Is China interfering in NZ politics?
By Jim Rolfe Victoria University Centre for Strategic Studies Senior Fellow (author)
New Zealand’s relations with China have come under closer scrutiny over this year. We are the only Five Eyes country to seek an involvement in China’s “One Belt, One Road” initiative which is regarded with suspicion by Australia in particular. This has thrown the spotlight on the role of the Chinese community, particularly the work of its United Front organisation, which has been accused by Canterbury University academic Anne-Marie Brady of interfering in New Zealand politics. This analysis is by Jim Rolfe, Senior Fellow at Victoria University’s Centre for Strategic Studies.
Reporting on the relationship between China and New Zealand has taken a strident tone in recent months.
Much of that reporting has been around the nature and perils of Chinese influence over domestic political activity and on New Zealand’s relationship with its international intelligence partners, the so-called Five Eyes grouping.
The serious assertions are that China actively works to subvert political processes for its own ends and that the Chinese influence is such that New Zealand is itself a threat, or in danger of becoming a threat, to the wider Western intelligence system.
If true, these assertions demand the closest attention from the government and the security agencies. There is not, however, much public evidence to support these assertions.
We do however know quite a bit about Chinese influence operations generally.
The main agency responsible for such activities is the United Front Work Department (UF), a creation of the Chinese Communist Party and a component of the Chinese government,.
The UF was formed in the 1930s as a means to link the Communist Party with the wider society to rally the country to defeat common enemies: first, in cooperation with the Kuomintang Chinese Nationalists, against warlords; then from the late 1930s against the Japanese Army; and following the defeat of Japan, against the Nationalists themselves.
From the late 1970s the UF promoted the internal economic reforms of the period and then expanded to focus on the return of Hong Kong to Chinese control and to Taiwan and reunification.
Most recently the UF has widened its operations into the international arena to promote China’s policies and to counter what is seen as anti-Chinese propaganda.
Today, UF activities are undertaken at all levels within a host country from the national to the local and down to individuals and workplaces, and are mostly covert.
We have assertions that the UF attempts to control ethnic Chinese within New Zealand, using both threats and blandishments directly and through control of Chinese language media, and we have assertions that the UF has channelled money and technical support to political and other organisations in New Zealand to attempt to gain influence and ensure that China’s position on issues is favourably received and (importantly) seen as the most valid position and the sensible position for any country to hold.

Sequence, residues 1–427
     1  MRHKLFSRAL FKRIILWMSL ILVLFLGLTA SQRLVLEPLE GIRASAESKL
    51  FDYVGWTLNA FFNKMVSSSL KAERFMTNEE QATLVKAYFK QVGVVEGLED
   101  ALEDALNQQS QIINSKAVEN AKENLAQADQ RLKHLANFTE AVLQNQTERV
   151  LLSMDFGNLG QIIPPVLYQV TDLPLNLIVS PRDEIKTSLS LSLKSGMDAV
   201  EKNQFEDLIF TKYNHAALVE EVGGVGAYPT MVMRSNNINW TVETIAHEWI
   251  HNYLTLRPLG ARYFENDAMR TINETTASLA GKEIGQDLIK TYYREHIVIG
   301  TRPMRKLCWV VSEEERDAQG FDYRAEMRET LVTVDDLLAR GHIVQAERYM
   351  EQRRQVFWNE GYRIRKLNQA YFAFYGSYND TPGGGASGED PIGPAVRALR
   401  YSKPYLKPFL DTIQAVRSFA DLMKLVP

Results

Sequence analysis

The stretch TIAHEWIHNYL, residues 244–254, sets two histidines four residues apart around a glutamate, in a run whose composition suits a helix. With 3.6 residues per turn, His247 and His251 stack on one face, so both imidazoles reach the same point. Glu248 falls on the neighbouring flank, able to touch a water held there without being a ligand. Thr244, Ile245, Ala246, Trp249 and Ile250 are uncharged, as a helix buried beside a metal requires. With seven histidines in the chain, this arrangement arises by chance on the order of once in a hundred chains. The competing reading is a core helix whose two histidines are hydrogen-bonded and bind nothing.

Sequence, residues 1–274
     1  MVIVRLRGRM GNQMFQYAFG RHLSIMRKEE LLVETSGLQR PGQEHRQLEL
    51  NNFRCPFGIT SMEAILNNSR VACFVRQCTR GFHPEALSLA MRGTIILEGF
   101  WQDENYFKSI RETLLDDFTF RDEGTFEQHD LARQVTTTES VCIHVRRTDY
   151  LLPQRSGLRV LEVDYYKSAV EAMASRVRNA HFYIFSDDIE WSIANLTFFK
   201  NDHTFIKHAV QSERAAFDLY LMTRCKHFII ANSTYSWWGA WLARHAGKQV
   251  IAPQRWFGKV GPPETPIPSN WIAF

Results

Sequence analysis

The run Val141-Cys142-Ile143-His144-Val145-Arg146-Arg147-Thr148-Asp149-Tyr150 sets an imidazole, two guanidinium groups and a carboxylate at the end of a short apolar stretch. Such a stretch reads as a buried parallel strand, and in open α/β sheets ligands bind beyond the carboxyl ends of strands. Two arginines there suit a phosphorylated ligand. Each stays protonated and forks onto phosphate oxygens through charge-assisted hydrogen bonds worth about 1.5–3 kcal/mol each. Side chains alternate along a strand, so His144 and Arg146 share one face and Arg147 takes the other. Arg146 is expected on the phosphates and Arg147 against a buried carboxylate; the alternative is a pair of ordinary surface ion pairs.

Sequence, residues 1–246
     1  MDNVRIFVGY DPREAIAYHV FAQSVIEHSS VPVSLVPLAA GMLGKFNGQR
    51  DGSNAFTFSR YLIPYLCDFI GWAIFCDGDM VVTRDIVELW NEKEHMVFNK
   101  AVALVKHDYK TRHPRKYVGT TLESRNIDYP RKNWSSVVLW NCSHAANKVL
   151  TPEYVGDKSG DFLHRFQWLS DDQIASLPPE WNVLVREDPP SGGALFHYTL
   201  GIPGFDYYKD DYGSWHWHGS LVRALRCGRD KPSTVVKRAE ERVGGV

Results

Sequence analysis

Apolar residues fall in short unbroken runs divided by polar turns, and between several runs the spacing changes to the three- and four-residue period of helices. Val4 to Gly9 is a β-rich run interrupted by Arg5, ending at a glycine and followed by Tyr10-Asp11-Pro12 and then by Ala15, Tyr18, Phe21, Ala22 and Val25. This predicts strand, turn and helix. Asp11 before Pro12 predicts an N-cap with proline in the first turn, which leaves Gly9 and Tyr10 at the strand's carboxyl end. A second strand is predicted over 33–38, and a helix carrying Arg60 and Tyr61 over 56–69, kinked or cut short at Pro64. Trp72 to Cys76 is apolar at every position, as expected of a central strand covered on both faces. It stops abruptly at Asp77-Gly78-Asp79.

Some fear that China is, through its influence in specific organisations and with key political actors, in a position to compromise government decision making
Should we be concerned?
At the highest level, it is neither new nor unusual for states to attempt to influence events in a specific country.
What is new and unusual for New Zealand is, according to those who examine the issue, the intense engagement by the UF with our political system, the scale of its activities within overseas Chinese communities and Chinese media, and the willingness to work directly within (but hidden from) national political processes, through funding favoured candidates with anonymous or concealed donations for example.
The worries are that legitimate UF lobbying and influence activities on foreign countries have become illegitimate interference through attempts to subvert national democratic processes by unduly influencing local ethnic Chinese and by secretly funding favoured political parties, people and causes.
The worries continue with the additional assertion that the level of Chinese influence within New Zealand is such that New Zealand might itself be a security risk to its intelligence partners.
Is this a threat?
Possibly so, certainly so if New Zealand’s intelligence system has been compromised, but there is little public evidence for that.
No doubt the government, through the New Zealand Security Intelligence Service, has developed its own view on China’s generally unseen activities within New Zealand.
If it has, it has not revealed its conclusions.
But even if UF activities are not a threat to national security in the traditional sense, we should always be wary of any attempts to influence political processes through covert means.
This is even more important when the influencer is a foreign entity.
We should also acknowledge that New Zealand relationship with China is much wider than that of New Zealand possibly being the recipient of unwelcome, even if largely unrevealed, attentions.
There are advantages and disadvantages to each country across the breadth of the relationship.
So long as each side operates transparently, the relationship can survive and prosper.